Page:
In Memory of All Buried Here
— 1845 · The Great Famine · 1850 —
In 1836 the Poor Law Enquiry found that over one third of people in Ireland were dependent on the potato as their main source of food. The population had grown to 8.2 million by 1841, and was vulnerable to any failure of the potato crop. The Great Famine (1845-1849), caused by potato blight, resulted in a national catastrophe.
The Poor Law
In an attempt to alleviate the problems arising from widespread poverty in early 19th century Ireland a new Poor Law was enacted in 1838. The Act created 130 Poor Law Unions, each run by a committee known as The Poor Law Guardians
. One of the main provisions of the Act was the construction of a new workhouse in each Union. George Wilkinson designed all of Ireland's 130 workhouses in accordance with a number of standard adaptable designs. They were built to accommodate 1% of the population (80,000) and not to alleviate the level of destitution and poverty that Ireland was to face from 1845-1949 [sic - 1849]. Entrance to the workhouse was particularly distressing, with families being strictly segregated on the basis of gender, age and state of health. The design of the workhouse buildings and the recreation yards ensured that segregation was maintained at all times. The workhouses provided some relief from starvation and destitution, but life there was without dignity. Of the 1.2 million lives lost during the Famine, at least one in five of those deaths occurred in the workhouses. Those who died were buried in what became known as "Famine pits" or mass graves.
There were three Poor Law Unions located in County Fermanagh: Enniskillen, Lisnaskea and Lowtherstown (Irvinestown).
· Phytophthora infestans
, more commonly known as potato blight, is a fungus-like organism characterized by the withering and shriveling of plant leaves. Spores are washed down into the tubers (potatoes), and if infected the potatoes will rot. They will continue to rot even if they are dug up and stored.
· Potato blight was first observed in America in 1843, and in 1845 in Europe. The first sighting in Ulster was detected here in County Fermanagh on August 28th 1845. By September 1845 reports of blight were coming from all over Ireland. The vulnerability of the Irish people was to be fully realised as their chief source of food was destroyed. Ireland faced a mass shortage of food. Hunger and starvation were witnessed through out the country. Fermanagh did not escape from the ravages of the Famine, losing 25% of its population to death and emigration.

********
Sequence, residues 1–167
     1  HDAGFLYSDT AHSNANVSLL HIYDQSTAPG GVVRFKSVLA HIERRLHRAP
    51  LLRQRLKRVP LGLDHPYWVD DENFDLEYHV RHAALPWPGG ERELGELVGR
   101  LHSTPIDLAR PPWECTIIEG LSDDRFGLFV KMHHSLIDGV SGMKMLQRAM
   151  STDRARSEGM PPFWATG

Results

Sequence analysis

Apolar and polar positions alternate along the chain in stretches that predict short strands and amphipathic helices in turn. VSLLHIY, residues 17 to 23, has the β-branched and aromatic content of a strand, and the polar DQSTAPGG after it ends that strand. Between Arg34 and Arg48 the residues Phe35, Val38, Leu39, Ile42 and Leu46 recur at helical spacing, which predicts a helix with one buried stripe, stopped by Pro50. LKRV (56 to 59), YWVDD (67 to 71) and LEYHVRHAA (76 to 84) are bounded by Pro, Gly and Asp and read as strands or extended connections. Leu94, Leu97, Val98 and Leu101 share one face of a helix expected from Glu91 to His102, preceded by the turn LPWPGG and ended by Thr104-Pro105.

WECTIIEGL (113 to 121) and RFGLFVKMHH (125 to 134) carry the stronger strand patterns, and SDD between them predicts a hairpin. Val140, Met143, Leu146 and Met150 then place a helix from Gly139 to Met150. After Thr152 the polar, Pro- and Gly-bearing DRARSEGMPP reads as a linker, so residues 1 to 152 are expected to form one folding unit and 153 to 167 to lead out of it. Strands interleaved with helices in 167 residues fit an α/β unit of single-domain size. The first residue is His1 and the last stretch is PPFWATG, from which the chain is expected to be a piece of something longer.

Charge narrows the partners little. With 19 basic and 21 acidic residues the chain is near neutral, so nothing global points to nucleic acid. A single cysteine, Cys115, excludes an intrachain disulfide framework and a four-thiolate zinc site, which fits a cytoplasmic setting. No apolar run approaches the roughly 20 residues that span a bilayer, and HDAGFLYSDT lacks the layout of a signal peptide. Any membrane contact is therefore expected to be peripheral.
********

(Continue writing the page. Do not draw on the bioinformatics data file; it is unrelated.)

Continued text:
Lowtherstown (Irvinestown) Workhouse
Lowtherstown (Irvinestown) Workhouse was built on a 5-acre site at the west of the town. Today the workhouse buildings no longer exist and housing occupies the site immediately south-west of where you now stand. It was built to accommodate 400 inmates and declared fit for the reception of inmates on October 28th 1844. The first inmates were admitted on 1st October 1845. In the dark days of the Famine in 1848 the most it housed at any one time was 796 inmates, with a total of 2887 paupers passing through in that year.
During the Famine a 40-bed fever hospital was built on the north side of the site. The workhouse had its own burial ground on the west of the site. Food was inferior to that of other unions and in 1846 a typical adult's food for a day was 198g of oatmeal for breakfast and 227g of oatmeal for dinner, while no supper was offered. Each inmate was allowed half a pint of buttermilk for breakfast and dinner. Irvinestown Workhouse was described in July 1847 by Dr. Phelan, the medical inspector to the Poor Law Commissioners, as the "worst
" he has seen in the north of Ireland. He referred to patients lying on bare floors with scarcely enough straw under them and being in a filt[h]y state.
Lowtherstown Famine Graveyard
Due to the large numbers of inmates dying it was resolved by the Board of Guardians on January 13th 1847 that a portion of the workhouse ground should be ditched in as a burial ground. For 150 years this rough field has been known locally as "The Paupers", as with the graveyard at Cornagrade in Enniskillen. No stone marked the graves of those who died so tragically during the Great Hunger of 1847. At a public meeting in the town in 1996 it was resolved to erect a memorial on this site in memory of those who suffered and died as a result of the Famine. The field was to be known as the Famine Graveyard. The memorial stone was officially unveiled on October 4th 1997 by direct decendants of a family from the area who drowned in 1847 in a shipwreck off the Isle of Islay, Scotland whilst making their way to the New World.
In addition to the Famine graveyard located here, people were also buried in a Famine Pit at Ardess Church 5 miles away.